Furthermore, if it's our desire to expand a much-needed discussion on race in America, I would argue that it will never be a legitimate conversation as long as we keep making excuses for people like Mr. Wright while at the same resigning people like Don Imus for his "nappy headed-hos" remark and former Sen. George Allen for his "macaca" moment. It's a glaring double-standard. To dismiss away such hateful language because Mr. Wright is black is not only arrogant but irresponsible and only deepens the divide in the discussion on race.

When Secretary of State Condoleezza Rice addressed a number of us last month at an editorial board meeting at The Washington Times, she also spoke candidly about race in America. While acknowledging America's "birth defect," she also expressed an inherent love of country: "Black Americans loved and had faith in this country even when their country didn't love and have faith in them."

Love of country is a privilege, no matter the wrongs, the hate or who is in charge. We are among the founders, not immigrants of this nation (as Miss Rice emphasized). That is our legacy — as blacks, as Americans, as black Americans. We shouldn't let Mr. Wright rob us of it but hold him accountable to it.

Not only is it arrogant for Mr. Wright to purport that he speaks for all black churches, but his message misses the point — as the eloquent media analyst, and (black) Rev. Joe Watkins said it best as a pastor could: "Pastors are to preach a message of love, not hate."

Amen Pastor Watkins. If we are truly Christians than we are all parts of the same Body of Christ. We are not black, white, Hispanic Christians, we are CHRISTIANS period. And as Christians we are called to LOVE.

37Jesus replied: " 'Love the Lord your God with all your heart and with all your soul and with all your mind.'[a] 38This is the first and greatest commandment. 39And the second is like it: 'Love your neighbor as yourself.'[b] 40 All the Law and the Prophets hang on these two commandments."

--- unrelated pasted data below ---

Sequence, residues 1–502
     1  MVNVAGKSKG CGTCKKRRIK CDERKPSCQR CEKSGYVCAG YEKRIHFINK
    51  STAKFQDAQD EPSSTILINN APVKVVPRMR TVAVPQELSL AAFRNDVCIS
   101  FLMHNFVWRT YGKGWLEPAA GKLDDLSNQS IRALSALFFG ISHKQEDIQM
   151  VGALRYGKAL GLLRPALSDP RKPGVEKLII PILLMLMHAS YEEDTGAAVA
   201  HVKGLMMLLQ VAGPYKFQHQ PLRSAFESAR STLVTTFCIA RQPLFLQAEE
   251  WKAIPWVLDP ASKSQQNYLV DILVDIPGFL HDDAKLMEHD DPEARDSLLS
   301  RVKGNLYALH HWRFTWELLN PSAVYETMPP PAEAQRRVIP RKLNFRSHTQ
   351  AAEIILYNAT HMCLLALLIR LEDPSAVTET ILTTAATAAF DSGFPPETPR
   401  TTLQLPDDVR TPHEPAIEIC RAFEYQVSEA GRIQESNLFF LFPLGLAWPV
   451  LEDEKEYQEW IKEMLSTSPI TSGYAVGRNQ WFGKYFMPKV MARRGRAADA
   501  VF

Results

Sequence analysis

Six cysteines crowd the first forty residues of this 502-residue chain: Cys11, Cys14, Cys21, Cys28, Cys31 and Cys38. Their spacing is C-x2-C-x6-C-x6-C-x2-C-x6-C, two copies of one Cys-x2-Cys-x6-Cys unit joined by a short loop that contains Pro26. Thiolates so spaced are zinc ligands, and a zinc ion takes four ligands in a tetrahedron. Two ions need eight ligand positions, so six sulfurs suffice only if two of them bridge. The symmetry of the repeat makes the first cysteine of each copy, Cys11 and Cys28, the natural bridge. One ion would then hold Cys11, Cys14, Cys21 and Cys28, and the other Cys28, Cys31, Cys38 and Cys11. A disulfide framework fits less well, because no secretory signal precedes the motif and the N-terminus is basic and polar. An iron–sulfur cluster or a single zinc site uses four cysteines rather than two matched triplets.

Matthew 22:37-40 (New International Version)

7Dear friends, let us love one another, for love comes from God. Everyone who loves has been born of God and knows God. 8 Whoever does not love does not know God, because God is love.

1 John 4:7-21 (New International Version)

Saturday, April 26, 2008

Indiana Calling...

Business owners: New tax will cost Michigan jobs
Posted by Rick Wilson The Grand Rapids Press
April 25, 2008 17:10PM

GRAND RAPIDS - Estimated taxes due this month under the new Michigan Business Tax ignited an outcry of angry protests from businesspeople Friday, many of whom say they now prefer the once hated Single Business tax instead.
About 100 business owners, developers, and accountants testified before a panel of four Republican legislators bent on reforming the state's business tax code.
Michael DeVries, director of development and sales at Ed DeVries Properties Inc. in Grand Rapids, drew thunderous applause when he called for repealing the tax altogether.
"This tax is crushing small business," said DeVries, adding his tax liability has risen at least 50 percent. "We can talk about fixing it but the Michigan Business Tax really just needs to go away."